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Gazeta, January 29, 2003

YABLOKO Does Not Sell Itself

By Anastasia Matveyeva

As Gazeta have already reported before, today the idea of a coalition between the Union of Right-Wing Forces (SPS) and Yabloko can be forgotten.. Yesterday, on January 28, [Yabloko Leaders] Grigory Yavlinsky and Sergei Ivanenko forwarded to [SPS leaders] Boris Nemtsov and Irina Khakamada a letter, saying the SPS's proposals were unacceptable for Yabloko. The long-awaited meeting of the leaders of the two parties, scheduled for Wednesday, will not take place.

Representatives of the SPS say that from now on, they will make no further attempts to merge with Yabloko.

[ SPS leader] Boris Nemtsov simply refused to comment on the situation. His Press Secretary Lilia Dubovaya said: "We confirm that the meeting "at the Elbe" will not take place. Yavlinsky and his ambitions are to blame for losing this historic opportunity to create a strong democratic coalition. From now on the topic of the creation of a coalition is closed and the SPS will spare no effort to win the elections as an independent party." Dubovaya stressed that the idea of a merger was not simply a PR action for Nemtsov, and that by insisting on this idea Nemtsov had put himself in opposition to many deputies of the [SPS] faction. For example, Nikolai Travkin, a former member of Yabloko, warned him about the futility of any attempts to reach an agreement with Yavlinsky. Dubovaya also noted that Yavlinsky did not even make a personal telephone call to the SPS. "The letter was published in the press. We consider this unbecoming," Dubovaya stressed.

"I don't think we've said anything principally new, Ivanenko explained to Gazeta. -There is no breach of relations, as we didn't register a marriage." Ivanenko believes that the SPS is only interested in one issue - who will be the first and the second on the election list.

Meanwhile, there is "broad scope for joint activities, e.g. cooperation in single-mandate electoral districts and in legislative activities." But the SPS is really offended now, and questions even this form of cooperation. However, SPS members understand that the two parties will need a "non-aggression pact" in any case.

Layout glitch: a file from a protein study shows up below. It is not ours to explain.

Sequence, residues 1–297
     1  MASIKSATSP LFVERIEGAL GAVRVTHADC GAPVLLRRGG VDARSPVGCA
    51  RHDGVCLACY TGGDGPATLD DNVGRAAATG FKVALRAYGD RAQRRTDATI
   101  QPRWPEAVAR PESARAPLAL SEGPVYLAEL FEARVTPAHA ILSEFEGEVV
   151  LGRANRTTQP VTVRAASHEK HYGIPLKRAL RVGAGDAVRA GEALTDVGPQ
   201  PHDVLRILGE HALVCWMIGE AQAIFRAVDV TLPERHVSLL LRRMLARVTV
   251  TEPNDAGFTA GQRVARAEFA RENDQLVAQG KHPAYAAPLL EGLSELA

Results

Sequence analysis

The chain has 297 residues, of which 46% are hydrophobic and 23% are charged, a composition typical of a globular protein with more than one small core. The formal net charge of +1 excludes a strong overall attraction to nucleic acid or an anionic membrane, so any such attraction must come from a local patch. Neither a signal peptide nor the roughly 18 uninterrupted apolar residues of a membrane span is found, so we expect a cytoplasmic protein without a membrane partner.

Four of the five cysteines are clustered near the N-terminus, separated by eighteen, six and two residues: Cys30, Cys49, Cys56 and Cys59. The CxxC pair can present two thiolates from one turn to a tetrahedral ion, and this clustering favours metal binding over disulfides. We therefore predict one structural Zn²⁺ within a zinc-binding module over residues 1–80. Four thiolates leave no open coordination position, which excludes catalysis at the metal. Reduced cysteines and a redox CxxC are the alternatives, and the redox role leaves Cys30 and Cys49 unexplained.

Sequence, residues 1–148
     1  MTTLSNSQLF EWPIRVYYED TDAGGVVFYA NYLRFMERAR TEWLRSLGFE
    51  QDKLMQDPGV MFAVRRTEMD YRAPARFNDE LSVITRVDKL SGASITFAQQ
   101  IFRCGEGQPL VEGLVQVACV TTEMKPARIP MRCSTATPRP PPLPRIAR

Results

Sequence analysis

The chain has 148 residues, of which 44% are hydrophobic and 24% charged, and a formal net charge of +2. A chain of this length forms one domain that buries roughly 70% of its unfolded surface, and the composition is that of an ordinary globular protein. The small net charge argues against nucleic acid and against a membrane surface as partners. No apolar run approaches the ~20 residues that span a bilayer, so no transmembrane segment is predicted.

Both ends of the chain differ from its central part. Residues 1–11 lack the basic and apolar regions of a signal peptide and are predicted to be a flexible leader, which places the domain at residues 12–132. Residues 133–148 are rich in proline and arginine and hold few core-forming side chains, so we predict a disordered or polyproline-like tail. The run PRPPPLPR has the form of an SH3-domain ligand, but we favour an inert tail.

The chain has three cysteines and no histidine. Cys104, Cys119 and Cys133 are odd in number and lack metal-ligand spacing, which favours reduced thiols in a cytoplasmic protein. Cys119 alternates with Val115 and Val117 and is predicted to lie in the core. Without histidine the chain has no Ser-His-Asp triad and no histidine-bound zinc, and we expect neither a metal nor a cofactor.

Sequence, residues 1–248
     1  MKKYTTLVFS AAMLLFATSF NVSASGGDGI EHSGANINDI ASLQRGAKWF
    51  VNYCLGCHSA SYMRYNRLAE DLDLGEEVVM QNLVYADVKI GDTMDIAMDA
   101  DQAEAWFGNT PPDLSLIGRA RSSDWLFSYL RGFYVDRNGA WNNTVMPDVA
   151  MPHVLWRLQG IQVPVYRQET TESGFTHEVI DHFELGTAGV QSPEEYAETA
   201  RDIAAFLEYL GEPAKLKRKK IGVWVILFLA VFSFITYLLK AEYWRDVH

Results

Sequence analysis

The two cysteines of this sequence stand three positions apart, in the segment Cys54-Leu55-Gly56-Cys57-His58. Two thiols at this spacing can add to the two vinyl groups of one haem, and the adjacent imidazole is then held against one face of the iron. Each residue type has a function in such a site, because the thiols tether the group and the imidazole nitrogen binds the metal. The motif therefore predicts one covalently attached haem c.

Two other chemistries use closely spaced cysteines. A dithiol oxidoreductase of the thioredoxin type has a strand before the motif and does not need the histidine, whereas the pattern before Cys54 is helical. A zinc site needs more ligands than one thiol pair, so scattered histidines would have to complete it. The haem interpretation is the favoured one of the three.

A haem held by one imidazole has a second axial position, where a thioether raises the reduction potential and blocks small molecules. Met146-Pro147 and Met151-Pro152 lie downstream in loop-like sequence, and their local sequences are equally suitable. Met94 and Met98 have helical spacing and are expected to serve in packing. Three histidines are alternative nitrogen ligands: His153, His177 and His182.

The SPS and Yabloko are at war even on the polling field. Yabloko believes that the results of opinion polls as reported by the SPS press service often do not reflect the actual situation.

A source in the Yabloko press service told us: "Nemtsov and Khakamada have often announced that if the two parties merged, we could get 15-20% of the vote. Meanwhile, VTsIOM polls indicate that this figure is only about 9.4%."

Yabloko has already submitted a corresponding inquiry to the VTsIOM polling agency, and the pollsters are said to be planning an announcement about the SPS's incorrect interpretations of their data.

"The business elite is shocked by Yavlinsky's disagreeability, an SPS source said to Gazeta. According to the source, now Yabloko has stripped itself with its own hands, and representatives of business and the electorate now clearly understand everything. " Why isYavlinsky so arrogant? Is it because the president has promised him a chance to show off on the first and second TV channels? But they will show only what is needed there, and everything else will be cut."

Political analysts believe that the SPS and Yabloko never had a chance to create a combined electoral list for the federal election.

Sergei Kolmakov, vice-president of the Russian Parliamentarism Foundation, stressed that these are two different parties with different electorates and that the merger of these parties would be the same as interbreeding a snake and a hedgehog. According to Kolmakov, the coalition could have increased the electorate base slightly. However, this would have meant for Yabloko a loss of its basic electorate, rural teachers and doctors, who "hate Gaidar and Chubais". Kolmakov says, "Both the parties have been using the idea of a coalition for some time to gain political points. But now it is becoming clear that Yabloko is a party focused on human rights, whereas the SPS is a party supported by the middle class and is closely connected with the oligarchic system, often on a personal level."

See also:


State Duma elections 2003

Presidential elections 2004

Gazeta, January 29, 2003

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